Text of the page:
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GP Week : Issue 171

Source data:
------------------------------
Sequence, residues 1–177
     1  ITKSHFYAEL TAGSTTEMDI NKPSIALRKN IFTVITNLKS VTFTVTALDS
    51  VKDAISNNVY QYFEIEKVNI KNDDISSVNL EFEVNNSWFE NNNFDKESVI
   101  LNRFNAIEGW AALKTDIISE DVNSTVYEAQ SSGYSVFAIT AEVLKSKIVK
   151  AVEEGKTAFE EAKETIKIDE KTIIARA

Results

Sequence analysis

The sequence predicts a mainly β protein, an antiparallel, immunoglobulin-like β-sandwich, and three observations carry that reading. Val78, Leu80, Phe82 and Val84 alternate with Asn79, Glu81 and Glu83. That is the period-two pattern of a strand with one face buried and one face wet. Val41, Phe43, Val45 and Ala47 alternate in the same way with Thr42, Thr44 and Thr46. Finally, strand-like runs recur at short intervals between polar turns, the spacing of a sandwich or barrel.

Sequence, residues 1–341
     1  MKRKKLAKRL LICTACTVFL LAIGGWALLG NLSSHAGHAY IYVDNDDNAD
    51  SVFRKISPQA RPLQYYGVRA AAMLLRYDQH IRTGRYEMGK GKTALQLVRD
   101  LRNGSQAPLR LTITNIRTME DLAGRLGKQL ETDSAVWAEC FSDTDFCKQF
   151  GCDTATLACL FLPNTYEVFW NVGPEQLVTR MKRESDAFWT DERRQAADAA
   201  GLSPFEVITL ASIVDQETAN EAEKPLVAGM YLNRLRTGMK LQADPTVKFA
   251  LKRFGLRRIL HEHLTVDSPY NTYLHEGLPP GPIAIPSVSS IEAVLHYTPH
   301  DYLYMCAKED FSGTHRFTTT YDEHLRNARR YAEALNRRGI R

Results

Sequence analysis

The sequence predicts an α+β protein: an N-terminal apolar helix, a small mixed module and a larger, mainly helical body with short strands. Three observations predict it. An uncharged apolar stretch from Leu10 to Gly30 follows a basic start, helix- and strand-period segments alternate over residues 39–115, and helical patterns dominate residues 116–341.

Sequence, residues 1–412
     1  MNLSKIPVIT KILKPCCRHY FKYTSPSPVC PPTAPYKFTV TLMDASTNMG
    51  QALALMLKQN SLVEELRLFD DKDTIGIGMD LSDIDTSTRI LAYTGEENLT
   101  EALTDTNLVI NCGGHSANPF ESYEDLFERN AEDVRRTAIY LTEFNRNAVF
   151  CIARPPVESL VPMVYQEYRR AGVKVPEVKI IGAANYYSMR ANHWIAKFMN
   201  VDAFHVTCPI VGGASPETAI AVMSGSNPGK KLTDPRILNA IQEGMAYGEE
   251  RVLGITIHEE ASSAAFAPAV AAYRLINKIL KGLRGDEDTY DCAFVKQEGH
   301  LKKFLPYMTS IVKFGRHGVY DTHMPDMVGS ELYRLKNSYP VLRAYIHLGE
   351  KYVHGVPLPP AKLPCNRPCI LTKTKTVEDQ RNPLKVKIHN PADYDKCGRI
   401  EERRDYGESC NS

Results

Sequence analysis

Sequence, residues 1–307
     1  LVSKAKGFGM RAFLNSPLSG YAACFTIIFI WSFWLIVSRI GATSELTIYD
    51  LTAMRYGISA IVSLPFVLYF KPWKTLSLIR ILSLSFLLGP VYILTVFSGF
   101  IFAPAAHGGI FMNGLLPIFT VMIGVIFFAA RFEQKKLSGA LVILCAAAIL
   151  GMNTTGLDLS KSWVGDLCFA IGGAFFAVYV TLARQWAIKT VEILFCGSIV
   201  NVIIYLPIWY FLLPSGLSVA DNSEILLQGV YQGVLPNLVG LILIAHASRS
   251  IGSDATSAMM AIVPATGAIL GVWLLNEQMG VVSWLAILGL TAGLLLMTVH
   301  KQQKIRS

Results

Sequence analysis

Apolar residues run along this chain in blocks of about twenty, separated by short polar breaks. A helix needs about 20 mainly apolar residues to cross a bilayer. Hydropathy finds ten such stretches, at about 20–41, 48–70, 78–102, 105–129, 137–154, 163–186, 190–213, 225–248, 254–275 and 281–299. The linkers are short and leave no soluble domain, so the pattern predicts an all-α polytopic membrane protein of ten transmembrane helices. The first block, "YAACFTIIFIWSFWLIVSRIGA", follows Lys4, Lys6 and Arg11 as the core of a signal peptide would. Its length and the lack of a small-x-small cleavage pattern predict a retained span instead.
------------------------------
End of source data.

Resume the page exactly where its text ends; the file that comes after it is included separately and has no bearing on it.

20 GPWEEK.com // 20 GPWEEK.com // PARTNERS: OPINION The final result of Rallye de France Alsace may have hung heavily with inevitability, with Sebastien Loeb winning on home ground and him and his team Citroen claiming yet more world titles, but beneath the surface there was significance aplenty. How close are Ford to beating Citroen on Citroen’s hallowed turf, French asphalt stages? In Germany, the preceding tarmac rally, Loeb was first and Latvala was second, two minutes behind. Here, the result was the same but the gap was just 15.5 seconds. Quite clearly the difference between the Ford team and the Citroen team is not so much between the cars as between the drivers, or, more accurately, the one special driver that Citroen has. As Latvala said at the end-of-rally press conference the difference between him and Loeb is that Loeb does not make mistakes, however small, like he does. Expect a major change in the championship charts next year when Loeb only competes in a few selected events! But even with only two events between now and next year we have almost no idea of who is going to drive for whom. The only certainties are that Hirvonen stays with Citroen and Ogier with VW. The rest is open to debate. There are just as many hopeful drivers as nervous ones in the ser vice park these days. 27 year-old Latvala is at the top of a stack of playing cards, and the minute his future career is defined the rest of the stack is likely to fall into place on a heap in the table. Jari-Matti made it clear he is under no hurry to decide whether to stay with Ford (proven car and team, but only short term prospects) orgotoVW. Interestingly he said he only had offers from these teams, and not Citroen. It is clear that Citroen have a vacancy in the team which is impossible to fill satisfactorily. What came as a surprise in Alsace was news that Citroen do not necessarily regard Hirvonen as a number one driver. For Citroen, the drivers’ championship is secondary to the makes’ title, and each year the makes’ title is won by the team with the best balance of two top drivers. Citroen need someone who can be as good and as reliable as Hirvonen, rather than a junior driver ascending to the top level for the first time. Only two drivers have the sort of proven experience on their side that teams such as Citroen and Ford are seeking. First is Dani Sordo, who moved with high hopes to Mini where things then went disastrously wrong through no fault of his own. Second place in a car new to him at Monte Carlo, albeit more than two minutes behind Loeb, was a mighty encouragement and endorsement of Sordo’s talents. On the few occasions he has been active since, Sordo’s results have been disappointing, ending with retirement at Alsace due to damage caused by an impact. It is hard to analyse a driver’s potential when his experience comes from an unproven team, but Sordo is up there with a chance of a drive for either Citroen or Ford, especially if Prodrive cannot immediately offer assurance of a full WRC programme for 2013. The other driver fitting this job description is Petter Solberg who, in the earlier part of the 2012 season, supported the Ford challenge while Latvala was having difficult days. Solberg’s tenure at M-Sport in 2012 had been a mutual marriage of convenience but at the time of the season when he needed to impress things have not gone well. Accidents in Greece, Germany and France were bad calling cards. If Citroen does not take either Sordo or Solberg, their only option is to head for the younger driver market. And here there is an unprecedented wealth of opportunity, which Ford are already exploring eagerly. In addition to Loeb, two drivers have been really impressive in 2012. First is Ogier (29 years old), with only one black mark to his name, his accident in Monte Carlo. On the other nine events he has tackled since then he has won his class (for Super 2000 cars) on every occasion. He is out of the driver market, of course, being signed up and raring to go with the new Polo R World Rally Car. The other is the private team driver, Mads Ostberg, now 25 years old. On eight of the nine occasions he has competed this year he has finished the highest placed non-Citroen or Ford works driver, all with no special help from the team and in a very old car, beating many other drivers who have been trained by the big teams. Mads’ fifth place on the unfamiliar asphalt roads in Alsace was impressive. His strength had been his reliability, to the extent that he is generally dismissed as being a “slow driver” as opposed to being a fast driver which, considering his outright win in Portugal, seems to be inappropriate. Right until the end of Rallye de France Alsace long after Jari-Matti Latvala had lost his chances. Mads was still in the running to be 2012 world champion which was astonishing for a non-works driver. One of the impressive sights from Alsace was the speed at the end of the rally of 24 year-old Thierry Neuville, the protege of Citroen’s team manager (and fellow Belgian, Yves Matton) who put up a series of fastest stage times in conditions with which he was unfamiliar, and at a time when the leading drivers had eased their pace.His drives last year in the IRC had shown his amazing talents more clearly. Another protege driver in the market place is 25 year-old Ott Tanak, who has been taken under the wing of Malcolm Wilson at Ford. His season has been fraught, and in Alsace he was driving well within himself – and then suddenly he scored the fastest time on the Power Stage, quite out of keeping with his performance on the other stages. Strange! Yet another protege driver in the market place is 23 year-old Andreas Mikkelsen. It has been hard to understand VW’s intentions regarding junior drivers, of whom they speak a lot and provide an impressive amount of on-event experience in Super 2000 cars with no assurance of where this will lead. Nobody knows however whether they will eventually give a permanent WRC position to a young driver, such as Andreas or 23 year-old Kevin Abbring. Two drivers fighting impressively on their own without protege background are Russian Evgeniy Novikov, still only 22 years-old but developing considerable experience in the WRC in his private team car, and the peripatetic 32 year-old Australian Chris Atkinson, who gained an impressive fifth place, albeit over nine minutes behind the winner, in Germany on his first appearance in the Portugal team Mini. What happens next in the driver market is hard to predict, but Latvala said that he was waiting for either Ford or Volkswagen to impose a deadline for a decision, and at that moment we can expect an unprecedented rush of negotiations.There is going to be no respite for team and driver managers in the next few weeks. OPINION MARTIN HOLMES Rally Editor REPLACING THE IRREPLACEABLE